Professor Emeritus Rod Gelatt Honored With Endowment on 90th Birthday

Former Students Recognize His Legacy of High-Quality Storytelling and Reporting

By Maggie Teson

Columbia, Mo. (Sept. 8, 2016) — During his more than 45 years of service at the Missouri School of Journalism, Professor Emeritus Rod Gelatt built a legacy of high-quality storytelling and reporting in radio and television news. In honor of his 90th birthday Sept. 20, his former students are creating an endowment in his name.

Professor Emeritus Rod Gelatt
Professor Emeritus Rod Gelatt will celebrate his 90th birthday Sept. 20. To honor his legacy, Gelatt’s former students are creating an endowment in his name.

The Rod Gelatt KBIA Faculty Enhancement Fund will help support KBIA-FM – the School’s public radio station – and the faculty who mentor students and operate the station’s newsroom. The endowment also will serve as a tribute to Gelatt.

“I’ve always wanted to let Rod know how much his students appreciate him and everything he taught us,” said Kent Martin, BJ ’76, one of Gelatt’s former students who helped create the endowment. “Rod isn’t one to toot his own horn, so we wanted to toot it for him. Plus, we wanted to honor Rod in a way that would benefit KBIA for generations to come.”

Gelatt began his career at WHO-AM in Des Moines, Iowa. In 1953 he ushered in the debut of television news when the station expanded to provide radio and television newscasts. Gelatt joined the University of Missouri faculty in 1963. He served as news director for KOMU-TV – the only university-owned commercial TV station in the U.S. that uses its newsroom as a working lab for students – and later for KBIA.

Before Gelatt’s arrival, students at KOMU served only as interns. Under his leadership, students became reporters, writers, producers and photographers for all of the station’s newscasts.

“Rod integrated students into the major work of the newscasts,” said Kent Collins, chair of the Radio-Television Journalism faculty. “He applied the Missouri Method to the journalism of KOMU, much like the Columbia Missourian did with students years before. Under Rod, students were the front line reporters and film photographers chasing after the news stories.”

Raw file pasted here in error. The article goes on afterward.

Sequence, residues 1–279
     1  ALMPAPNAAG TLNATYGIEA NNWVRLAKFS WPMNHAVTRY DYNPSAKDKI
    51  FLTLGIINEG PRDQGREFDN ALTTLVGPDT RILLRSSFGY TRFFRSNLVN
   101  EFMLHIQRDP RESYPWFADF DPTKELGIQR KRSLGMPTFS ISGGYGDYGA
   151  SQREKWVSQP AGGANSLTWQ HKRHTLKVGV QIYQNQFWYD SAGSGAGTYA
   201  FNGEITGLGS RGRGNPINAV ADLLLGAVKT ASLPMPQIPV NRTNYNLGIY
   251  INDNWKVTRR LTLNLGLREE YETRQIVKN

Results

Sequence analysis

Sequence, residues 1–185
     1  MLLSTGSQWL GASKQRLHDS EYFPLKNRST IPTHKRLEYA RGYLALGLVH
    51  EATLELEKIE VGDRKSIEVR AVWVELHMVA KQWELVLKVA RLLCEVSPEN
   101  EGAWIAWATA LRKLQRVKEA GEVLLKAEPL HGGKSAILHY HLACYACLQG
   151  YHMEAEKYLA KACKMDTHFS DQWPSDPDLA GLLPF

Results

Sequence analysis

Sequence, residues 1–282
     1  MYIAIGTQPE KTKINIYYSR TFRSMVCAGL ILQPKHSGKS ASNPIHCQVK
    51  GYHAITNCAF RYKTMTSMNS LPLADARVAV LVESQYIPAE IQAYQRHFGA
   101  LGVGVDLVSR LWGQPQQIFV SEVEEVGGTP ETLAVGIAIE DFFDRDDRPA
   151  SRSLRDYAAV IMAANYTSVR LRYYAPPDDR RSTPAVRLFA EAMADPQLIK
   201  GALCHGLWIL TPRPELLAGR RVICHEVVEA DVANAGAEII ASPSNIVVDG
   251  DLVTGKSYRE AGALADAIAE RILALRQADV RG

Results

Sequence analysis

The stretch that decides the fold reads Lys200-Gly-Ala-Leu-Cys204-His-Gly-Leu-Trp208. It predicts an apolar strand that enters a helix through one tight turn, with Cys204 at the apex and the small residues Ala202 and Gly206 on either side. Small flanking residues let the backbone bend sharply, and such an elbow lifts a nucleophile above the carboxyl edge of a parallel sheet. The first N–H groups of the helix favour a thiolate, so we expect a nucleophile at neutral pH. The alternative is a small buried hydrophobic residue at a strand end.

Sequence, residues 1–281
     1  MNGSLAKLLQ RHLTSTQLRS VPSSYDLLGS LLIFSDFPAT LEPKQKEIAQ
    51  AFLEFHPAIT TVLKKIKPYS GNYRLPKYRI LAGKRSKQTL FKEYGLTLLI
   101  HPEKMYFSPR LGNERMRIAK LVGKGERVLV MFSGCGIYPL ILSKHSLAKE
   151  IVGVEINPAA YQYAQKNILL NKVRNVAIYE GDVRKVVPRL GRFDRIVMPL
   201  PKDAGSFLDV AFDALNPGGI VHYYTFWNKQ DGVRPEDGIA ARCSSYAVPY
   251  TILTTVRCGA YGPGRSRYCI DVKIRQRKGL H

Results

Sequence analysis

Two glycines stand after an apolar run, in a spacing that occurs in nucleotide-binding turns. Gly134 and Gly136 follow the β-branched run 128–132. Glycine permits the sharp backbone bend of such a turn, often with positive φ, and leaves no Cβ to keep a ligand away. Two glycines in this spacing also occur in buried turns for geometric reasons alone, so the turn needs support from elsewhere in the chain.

In addition to encouraging students to assume primary roles at KOMU, Gelatt guided the station through major technical changes, including the switch from black and white to color broadcasting. Gelatt also produced and moderated KOMU’s Missouri Forum, a talk show that discussed Missouri’s public affairs.

When he anchored the 6 p.m. and 10 p.m. newscasts at KOMU, Gelatt delivered fair and thorough coverage of local news. As the host of KBIA’s Views of the News, a media-critique program he created in 1994, he captivated thousands of mid-Missourians with his wit and insight.

“Rod liked great writing, good grammar and accuracy, and he never played loose with the facts,” Collins said. “He’s very serious about that kind of stuff, which was good for the Journalism School at that time, and it’s good for the Journalism School at this time.”

During his career Gelatt also coordinated the judging for the annual Radio-Television News Directors Association‘s Edward R. Murrow Awards, which recognizes achievements in electronic journalism. He helped draft guidelines for bringing microphones and cameras into Missouri courtrooms and in 1998, initiated the Missouri London Program, the Journalism School’s most popular study abroad experience.

Gelatt received several awards recognizing his accomplishments. He was inducted into the Gold Circle during the 35th annual Mid-America Emmy Awards in 2011. He was also one of three journalists with 50 or more years of experience in the TV industry to be honored by the National Academy of Television Arts and Sciences.

After retiring in 1992, Gelatt served as president of the MU Retirees Association from 2006 to 2007. He has received numerous recognitions, including the Mizzou Alumni Association‘s Faculty-Alumni Award in 1987, the Chancellor’s Faculty Retiree of the Year Award in 2008 and the Missouri Honor Medal for Distinguished Service in Journalism in 2009.

Gelatt’s endowment will not only honor his accomplishments, but also will promote the values he instilled in his students.

“Time and again, if you see or hear a story produced by one of Rod’s former students, you’ll notice the unmistakable traits they learned at MU,” Martin said. “Under Rod’s guidance, we learned devotion to accuracy, the attention to detail and the extra care in making a story stand out, not with purple prose or sensational language, but with straightforward, honest reporting.”

Those who would like to contribute to the endowment can mail donations to the Missouri School of Journalism Office of Advancement or make a donation online. Pledges can be paid over a five-year period.

Updated: October 1, 2020

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